It’s a bird, it’s a plane, it’s…the Super Salmon? Not your typical superhero, perhaps, but this singly courageous king salmon is at the centre of an incredibly touching short. Director Ryan Peterson has created an environmentally-minded social-issue documentary that is whimsical and fun by injecting the 25-minute film with so much passion, personality, and humour that it’s hard not to feel the love bursting through it.
As plans for building the second tallest dam in America are underway, The Super Salmon reveals the local residents’ concerns about the consequences of constructing the outdated megastructure on the Susitna River in order to meet Alaska’s need for renewable energy. Interjected is the story of Fish 241, also known as the Super Salmon, which has made an incredible journey on “the Mount Everest of rivers,” dodging hungry seals and braving icy waters. It is a journey that, activists argue, would never happen if the proposed dam is erected.
The film is remarkably thorough in laying out the issues at hand, and is admirably even-handed in its presentation of the two sides. Despite the serious issues it tackles, however, the film is a hoot. Grandiose classical music punctuates its score, while quirky animation (courtesy of frequent SOTW-featured filmmaker Drew Christie) playfully illustrates various nuances, and conspicuous jump cuts and comical interview moments make for an unquestionably likable documentary.
The people featured in this film are likewise irresistible. Snippets of their unscripted lives are charming, but they are a formidable community when they come together. Initially, Peterson wanted to create year-long timelapses of the Susitna River, to document its natural flow regime in the event that the dam was built. But after he met Molly and Mike Woods, he says, “a proper film popped out of the ether.” The charismatic couple bring the film to life as the director draws out both the passion and love they share for their homeland and for one another. A fisherman and an activist, Mike shines with hugely infectious energy and determination when he explains what it would mean to him if the mega-dam were to be built.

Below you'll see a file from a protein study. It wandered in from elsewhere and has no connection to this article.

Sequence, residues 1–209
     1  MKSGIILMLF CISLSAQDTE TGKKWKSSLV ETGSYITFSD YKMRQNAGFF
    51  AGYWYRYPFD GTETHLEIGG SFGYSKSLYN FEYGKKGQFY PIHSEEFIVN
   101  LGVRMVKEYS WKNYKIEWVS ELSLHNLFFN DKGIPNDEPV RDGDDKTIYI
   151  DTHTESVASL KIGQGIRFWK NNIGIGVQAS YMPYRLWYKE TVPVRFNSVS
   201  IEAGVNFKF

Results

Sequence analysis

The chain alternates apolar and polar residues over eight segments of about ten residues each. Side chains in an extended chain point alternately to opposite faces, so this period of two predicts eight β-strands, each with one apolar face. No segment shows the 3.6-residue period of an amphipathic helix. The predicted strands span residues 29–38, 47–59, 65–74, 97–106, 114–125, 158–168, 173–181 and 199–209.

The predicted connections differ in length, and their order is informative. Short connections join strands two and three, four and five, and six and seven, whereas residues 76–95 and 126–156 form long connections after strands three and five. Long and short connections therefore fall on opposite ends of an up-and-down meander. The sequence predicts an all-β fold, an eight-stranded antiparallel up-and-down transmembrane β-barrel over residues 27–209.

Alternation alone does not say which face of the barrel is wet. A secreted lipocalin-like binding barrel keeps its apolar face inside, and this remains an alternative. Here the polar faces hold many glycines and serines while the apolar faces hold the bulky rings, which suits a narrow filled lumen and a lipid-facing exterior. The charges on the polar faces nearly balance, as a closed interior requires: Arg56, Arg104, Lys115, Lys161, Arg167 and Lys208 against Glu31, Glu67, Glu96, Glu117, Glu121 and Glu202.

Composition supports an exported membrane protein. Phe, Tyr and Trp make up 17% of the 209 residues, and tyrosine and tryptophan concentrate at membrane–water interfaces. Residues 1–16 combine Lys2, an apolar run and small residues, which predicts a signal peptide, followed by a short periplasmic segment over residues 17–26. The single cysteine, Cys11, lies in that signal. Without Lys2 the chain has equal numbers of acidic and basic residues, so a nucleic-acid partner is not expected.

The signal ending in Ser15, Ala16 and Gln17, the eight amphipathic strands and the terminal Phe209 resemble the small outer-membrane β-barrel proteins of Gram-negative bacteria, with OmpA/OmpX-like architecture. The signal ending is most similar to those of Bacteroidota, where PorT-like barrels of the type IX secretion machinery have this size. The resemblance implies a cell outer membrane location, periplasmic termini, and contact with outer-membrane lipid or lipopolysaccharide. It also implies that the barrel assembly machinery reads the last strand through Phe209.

“It would be like watching my very best friend die of cancer….That’s not an option. [You’d] fight the hell out of this, so that’s what we’re going to do,” he says with tears in his eyes. His devotion and pride are shared by the other local residents who take part in the film, and when all 25 minutes of the film have flown by, you’ll find yourself cheering them on, inspired and deeply moved by their fighting spirit.
The film is supported by the outdoors outfitter Patagonia, a company which has been unusually active in the short film space in recent years. They’re especially passionate about dams, having produced a full length documentary on the subject a couple of years ago called Damnation, so the partnership here seems fitting. After working together on The Super Salmon, Peterson and the Woods remained close, and the trio are now in their third year of running a sustainable, fishermen-direct salmon fishing business together. And, for those inspired by the doc and want to help the cause, you can find out how to get involved with the Susitna River Coalition.